I can’t let her go.

I think I love dancing.

About the Author

Author photo for Lauren Nicolle Taylor


Lauren Nicolle Taylor lives in the lush Adelaide Hills. The daughter of a Malaysian nuclear physicist and an Australian scientist, she was expected to follow a science career path, attending Adelaide University and completing a Health Science degree with Honours in obstetrics and gynaecology.

She then worked in health research for a short time before having her first child. Due to their extensive health issues, Lauren spent her twenties as a full-time mother/carer to her three children. When her family life settled down, she turned to writing.

She is a 2014 Kindle Book Awards Semi-finalist and a USA Best Book Awards Finalist.

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Clean Teen Publishing is giving away a mystery box full of swag, books, and more! To enter, please fill out the Rafflecopter form below. The giveaway ends March 10, 2016.

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You can also get a free gift by taking a picture of Nora and Kettle, sharing it on social media, and sending a URL of your post to! For full details, please visit

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Review: The Lady in Blue by Kimberly G. Giarratano

The Lady in Blue Book Cover The Lady in Blue
Kimberly G. Giarratano

The Lady in Blue stole a car and fled Ash.
Out on Devlin Road she emerged from a crash.
She wandered the woods with her head dripping blood.
Then drowned in the river in water and mud.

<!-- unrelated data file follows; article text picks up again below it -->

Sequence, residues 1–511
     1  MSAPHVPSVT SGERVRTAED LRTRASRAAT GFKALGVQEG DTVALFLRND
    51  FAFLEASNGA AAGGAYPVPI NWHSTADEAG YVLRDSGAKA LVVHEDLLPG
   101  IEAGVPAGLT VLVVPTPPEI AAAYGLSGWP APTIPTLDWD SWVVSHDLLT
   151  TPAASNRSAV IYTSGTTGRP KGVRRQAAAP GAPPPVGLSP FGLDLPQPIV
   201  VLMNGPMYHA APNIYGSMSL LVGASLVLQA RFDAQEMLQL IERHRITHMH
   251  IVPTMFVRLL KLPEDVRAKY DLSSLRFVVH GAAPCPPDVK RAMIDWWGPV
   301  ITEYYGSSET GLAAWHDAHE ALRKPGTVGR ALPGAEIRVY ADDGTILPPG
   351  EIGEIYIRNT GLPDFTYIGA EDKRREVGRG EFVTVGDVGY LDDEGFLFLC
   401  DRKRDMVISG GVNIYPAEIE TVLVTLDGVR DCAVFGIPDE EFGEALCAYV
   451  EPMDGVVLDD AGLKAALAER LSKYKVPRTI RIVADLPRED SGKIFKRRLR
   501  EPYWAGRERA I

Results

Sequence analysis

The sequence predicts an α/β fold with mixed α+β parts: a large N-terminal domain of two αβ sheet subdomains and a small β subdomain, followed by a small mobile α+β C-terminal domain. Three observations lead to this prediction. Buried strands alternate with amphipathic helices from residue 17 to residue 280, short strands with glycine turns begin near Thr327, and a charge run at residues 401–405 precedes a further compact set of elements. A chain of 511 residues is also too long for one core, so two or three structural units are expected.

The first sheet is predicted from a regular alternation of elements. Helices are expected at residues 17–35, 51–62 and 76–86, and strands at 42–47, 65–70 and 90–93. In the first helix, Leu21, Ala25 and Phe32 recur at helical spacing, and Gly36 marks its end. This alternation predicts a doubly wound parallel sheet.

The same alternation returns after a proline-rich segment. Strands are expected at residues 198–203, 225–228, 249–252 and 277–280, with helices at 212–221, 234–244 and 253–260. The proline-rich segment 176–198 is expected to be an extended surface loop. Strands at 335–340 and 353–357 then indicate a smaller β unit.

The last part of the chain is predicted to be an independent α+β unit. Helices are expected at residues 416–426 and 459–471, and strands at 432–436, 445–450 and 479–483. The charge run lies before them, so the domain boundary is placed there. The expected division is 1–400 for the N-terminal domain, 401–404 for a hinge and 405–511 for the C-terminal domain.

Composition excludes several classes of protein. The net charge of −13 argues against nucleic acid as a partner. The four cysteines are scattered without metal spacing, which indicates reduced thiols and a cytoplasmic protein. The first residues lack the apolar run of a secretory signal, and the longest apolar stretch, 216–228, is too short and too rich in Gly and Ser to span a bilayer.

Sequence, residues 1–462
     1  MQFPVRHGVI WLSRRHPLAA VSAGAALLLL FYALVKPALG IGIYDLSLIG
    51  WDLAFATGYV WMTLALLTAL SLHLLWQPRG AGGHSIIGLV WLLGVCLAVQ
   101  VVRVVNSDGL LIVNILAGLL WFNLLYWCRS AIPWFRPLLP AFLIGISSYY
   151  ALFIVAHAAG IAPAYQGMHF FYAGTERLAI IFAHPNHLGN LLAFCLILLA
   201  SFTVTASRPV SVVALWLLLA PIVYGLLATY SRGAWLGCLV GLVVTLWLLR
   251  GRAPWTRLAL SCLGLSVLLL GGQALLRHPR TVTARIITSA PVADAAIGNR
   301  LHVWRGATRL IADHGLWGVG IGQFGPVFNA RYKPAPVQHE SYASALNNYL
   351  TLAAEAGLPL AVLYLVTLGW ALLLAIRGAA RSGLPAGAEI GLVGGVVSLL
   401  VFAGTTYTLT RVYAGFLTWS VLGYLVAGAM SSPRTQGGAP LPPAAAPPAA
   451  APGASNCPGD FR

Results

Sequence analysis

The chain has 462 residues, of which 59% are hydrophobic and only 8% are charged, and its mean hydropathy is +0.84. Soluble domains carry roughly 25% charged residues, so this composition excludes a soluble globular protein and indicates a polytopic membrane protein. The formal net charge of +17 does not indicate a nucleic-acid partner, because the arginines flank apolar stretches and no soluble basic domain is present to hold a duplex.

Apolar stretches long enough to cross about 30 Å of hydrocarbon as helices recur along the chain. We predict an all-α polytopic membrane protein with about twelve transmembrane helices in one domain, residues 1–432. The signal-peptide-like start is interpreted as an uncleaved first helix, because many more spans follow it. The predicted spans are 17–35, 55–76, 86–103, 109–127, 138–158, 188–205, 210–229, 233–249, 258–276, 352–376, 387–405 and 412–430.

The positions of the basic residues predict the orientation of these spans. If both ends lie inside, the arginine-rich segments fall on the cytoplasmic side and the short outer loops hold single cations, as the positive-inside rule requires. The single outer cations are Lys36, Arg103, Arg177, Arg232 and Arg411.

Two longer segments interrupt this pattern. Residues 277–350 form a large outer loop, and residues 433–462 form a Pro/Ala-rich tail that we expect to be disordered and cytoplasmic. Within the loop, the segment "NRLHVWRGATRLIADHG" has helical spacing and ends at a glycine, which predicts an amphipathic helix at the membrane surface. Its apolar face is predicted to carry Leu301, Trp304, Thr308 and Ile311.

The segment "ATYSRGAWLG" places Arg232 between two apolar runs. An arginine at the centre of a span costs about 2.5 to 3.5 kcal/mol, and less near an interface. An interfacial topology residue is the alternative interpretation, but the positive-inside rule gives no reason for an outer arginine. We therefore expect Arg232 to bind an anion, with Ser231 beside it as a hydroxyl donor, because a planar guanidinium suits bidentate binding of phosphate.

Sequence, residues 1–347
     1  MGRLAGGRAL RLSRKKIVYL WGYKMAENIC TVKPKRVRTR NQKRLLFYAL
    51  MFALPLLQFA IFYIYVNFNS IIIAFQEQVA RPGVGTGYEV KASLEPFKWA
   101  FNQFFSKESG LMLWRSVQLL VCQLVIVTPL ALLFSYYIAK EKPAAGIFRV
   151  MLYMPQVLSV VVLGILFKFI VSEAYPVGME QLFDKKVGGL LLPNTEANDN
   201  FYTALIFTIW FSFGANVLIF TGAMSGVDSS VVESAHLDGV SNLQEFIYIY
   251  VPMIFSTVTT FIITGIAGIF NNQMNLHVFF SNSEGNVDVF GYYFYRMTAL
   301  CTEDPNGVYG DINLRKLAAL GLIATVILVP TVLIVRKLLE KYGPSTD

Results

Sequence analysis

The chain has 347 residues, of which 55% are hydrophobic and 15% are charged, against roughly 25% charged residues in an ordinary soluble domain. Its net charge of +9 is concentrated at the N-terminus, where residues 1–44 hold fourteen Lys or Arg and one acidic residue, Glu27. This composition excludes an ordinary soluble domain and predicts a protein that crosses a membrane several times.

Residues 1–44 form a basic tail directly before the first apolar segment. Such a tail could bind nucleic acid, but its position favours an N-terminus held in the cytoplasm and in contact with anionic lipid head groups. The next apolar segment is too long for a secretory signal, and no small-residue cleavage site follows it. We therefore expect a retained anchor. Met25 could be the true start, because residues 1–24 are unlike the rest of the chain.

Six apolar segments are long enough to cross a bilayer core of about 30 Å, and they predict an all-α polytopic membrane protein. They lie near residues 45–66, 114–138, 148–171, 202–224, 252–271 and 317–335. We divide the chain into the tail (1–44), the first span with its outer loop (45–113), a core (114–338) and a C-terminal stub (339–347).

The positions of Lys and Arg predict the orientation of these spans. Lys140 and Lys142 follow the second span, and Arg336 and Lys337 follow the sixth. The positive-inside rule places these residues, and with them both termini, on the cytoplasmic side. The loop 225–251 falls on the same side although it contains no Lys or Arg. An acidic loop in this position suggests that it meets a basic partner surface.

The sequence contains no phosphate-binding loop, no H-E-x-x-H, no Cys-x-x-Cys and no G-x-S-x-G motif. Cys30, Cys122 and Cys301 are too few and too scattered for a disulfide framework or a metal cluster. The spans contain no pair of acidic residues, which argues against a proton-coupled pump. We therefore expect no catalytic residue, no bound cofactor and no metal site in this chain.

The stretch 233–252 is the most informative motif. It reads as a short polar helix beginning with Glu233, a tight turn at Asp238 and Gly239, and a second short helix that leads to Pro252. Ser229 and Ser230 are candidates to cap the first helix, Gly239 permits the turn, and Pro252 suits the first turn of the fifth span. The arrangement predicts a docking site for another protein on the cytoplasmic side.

All her life criminology student Liz Bloom has heard this rhyme, meant to scare young campers. When she’s about to take on her first cold case, Liz learns the eerie song is about her great aunt Lana. Liz isn’t big on studying, but she does have one advantage most criminologists don’t — she can speak to the dead.

In 1955, Lana Bloom was an eighteen-year-old beauty with Hollywood dreams who fell in love with a stranger. When Lana died in a bloody car crash, all signs pointed to the mysterious man who was never seen again.

As Lana unravels the details surrounding her last week of life, the tale she weaves for Liz is one of desire, betrayal, and murder. But if Lana can’t identify her killer, not only will a murderer escape punishment, but her ghostly form will cease to exist. And Liz will have failed the most important assignment of all – family.


(Actual rating: 3.5 stars)

There’s something about a good ghost story that’s impossible to resist. We’ve all listened to a friend spin a spooky tale as we sat entranced with goosebumps on our arms and pleasant shivers down our spine. We’ve all recited the rhyme about Lizzie Borden and her axe, or chanted the “Bloody Mary” mantra in a darkened room, waiting with bated breath for her spirit to come shrieking through the bathroom mirror. For better or worse, there’s something alluring about mysterious, tragic stories that makes you want to know more.